“What on earth could be more luxurious than a sofa, a book, and a cup of coffee?...Was ever anything so civil?”
__Anthony Trollope, The Warden

BarbStAubrey

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Re: Adventures of Pinocchio ~ December Book Club Online
« Reply #55 on: December 14, 2015, 01:33:53 AM »
It is no wonder Disney utilized the talking cricket - but these goodies written by Collodi keep coming - I was just amazed at this description for a Donkey in an other book of literary symbols on my shelves  - this is by Ina Woolcott - gives another view of Pinocchio while he was a donkey - Cooper shows us that we must transcend our animal nature where as Woolcott shares from her research another viewpoint of the Donkey as valuable.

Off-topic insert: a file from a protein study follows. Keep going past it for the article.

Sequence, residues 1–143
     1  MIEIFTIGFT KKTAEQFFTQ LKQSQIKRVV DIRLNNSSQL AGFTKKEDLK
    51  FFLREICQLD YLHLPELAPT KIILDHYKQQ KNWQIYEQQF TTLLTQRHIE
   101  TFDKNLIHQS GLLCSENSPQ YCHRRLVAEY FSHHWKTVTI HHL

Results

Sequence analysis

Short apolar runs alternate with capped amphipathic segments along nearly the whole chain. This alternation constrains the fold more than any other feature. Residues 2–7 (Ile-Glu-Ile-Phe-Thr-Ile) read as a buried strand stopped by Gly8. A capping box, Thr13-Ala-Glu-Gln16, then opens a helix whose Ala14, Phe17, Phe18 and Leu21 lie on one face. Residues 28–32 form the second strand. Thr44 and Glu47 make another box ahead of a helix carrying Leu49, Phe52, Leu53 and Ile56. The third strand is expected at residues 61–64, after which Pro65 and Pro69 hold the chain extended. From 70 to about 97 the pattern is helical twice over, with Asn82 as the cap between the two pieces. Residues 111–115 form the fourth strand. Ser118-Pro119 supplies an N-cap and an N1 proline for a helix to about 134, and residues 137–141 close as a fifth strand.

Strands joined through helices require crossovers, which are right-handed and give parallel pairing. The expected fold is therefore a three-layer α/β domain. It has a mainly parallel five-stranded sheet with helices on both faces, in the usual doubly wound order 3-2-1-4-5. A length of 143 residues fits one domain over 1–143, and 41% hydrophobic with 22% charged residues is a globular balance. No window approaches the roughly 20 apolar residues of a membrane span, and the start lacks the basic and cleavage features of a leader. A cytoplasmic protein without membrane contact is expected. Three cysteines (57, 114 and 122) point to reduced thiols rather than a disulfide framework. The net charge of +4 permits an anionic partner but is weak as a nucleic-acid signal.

Donkey is symbolic of versatility, intelligence, eager worker, determination, stubbornness, spiritual dedication, undying faith in the creative force, willingness to take on-board the responsibilities and burdens of others (beast of burden).

Donkey’s have long been misrepresented and misunderstood by the ignorant masses. First domesticated roughly 4,500 years ago, they were regarded to be a status symbol for their owners. Versatile, eager workers with a kind nature and gentle intelligence donkeys can live for 40 years plus.